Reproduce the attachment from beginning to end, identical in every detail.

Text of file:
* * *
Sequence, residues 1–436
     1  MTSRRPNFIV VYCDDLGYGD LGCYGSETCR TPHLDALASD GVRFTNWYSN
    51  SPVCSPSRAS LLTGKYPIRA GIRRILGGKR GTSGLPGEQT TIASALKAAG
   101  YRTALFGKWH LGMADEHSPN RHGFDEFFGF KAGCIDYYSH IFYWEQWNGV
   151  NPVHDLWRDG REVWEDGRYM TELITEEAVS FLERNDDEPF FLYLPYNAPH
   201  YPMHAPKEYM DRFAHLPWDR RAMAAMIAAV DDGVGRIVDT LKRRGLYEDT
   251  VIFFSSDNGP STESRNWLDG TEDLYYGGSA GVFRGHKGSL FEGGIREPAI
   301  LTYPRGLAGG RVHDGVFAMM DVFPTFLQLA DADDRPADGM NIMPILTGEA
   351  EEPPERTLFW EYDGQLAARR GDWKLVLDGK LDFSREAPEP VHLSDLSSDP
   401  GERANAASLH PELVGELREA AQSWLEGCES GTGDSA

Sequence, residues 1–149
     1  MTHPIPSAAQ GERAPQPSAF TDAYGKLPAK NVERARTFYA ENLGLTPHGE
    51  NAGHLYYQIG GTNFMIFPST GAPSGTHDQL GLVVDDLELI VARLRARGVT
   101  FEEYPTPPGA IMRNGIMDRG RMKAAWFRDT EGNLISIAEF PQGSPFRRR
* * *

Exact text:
Sequence, residues 1–436
     1  MTSRRPNFIV VYCDDLGYGD LGCYGSETCR TPHLDALASD GVRFTNWYSN
    51  SPVCSPSRAS LLTGKYPIRA GIRRILGGKR GTSGLPGEQT TIASALKAAG
   101  YRTALFGKWH LGMADEHSPN RHGFDEFFGF KAGCIDYYSH IFYWEQWNGV
   151  NPVHDLWRDG REVWEDGRYM TELITEEAVS FLERNDDEPF FLYLPYNAPH
   201  YPMHAPKEYM DRFAHLPWDR RAMAAMIAAV DDGVGRIVDT LKRRGLYEDT
   251  VIFFSSDNGP STESRNWLDG TEDLYYGGSA GVFRGHKGSL FEGGIREPAI
   301  LTYPRGLAGG RVHDGVFAMM DVFPTFLQLA DADDRPADGM NIMPILTGEA
   351  EEPPERTLFW EYDGQLAARR GDWKLVLDGK LDFSREAPEP VHLSDLSSDP
   401  GERANAASLH PELVGELREA AQSWLEGCES GTGDSA

Sequence, residues 1–149
     1  MTHPIPSAAQ GERAPQPSAF TDAYGKLPAK NVERARTFYA ENLGLTPHGE
    51  NAGHLYYQIG GTNFMIFPST GAPSGTHDQL GLVVDDLELI VARLRARGVT
   101  FEEYPTPPGA IMRNGIMDRG RMKAAWFRDT EGNLISIAEF PQGSPFRRR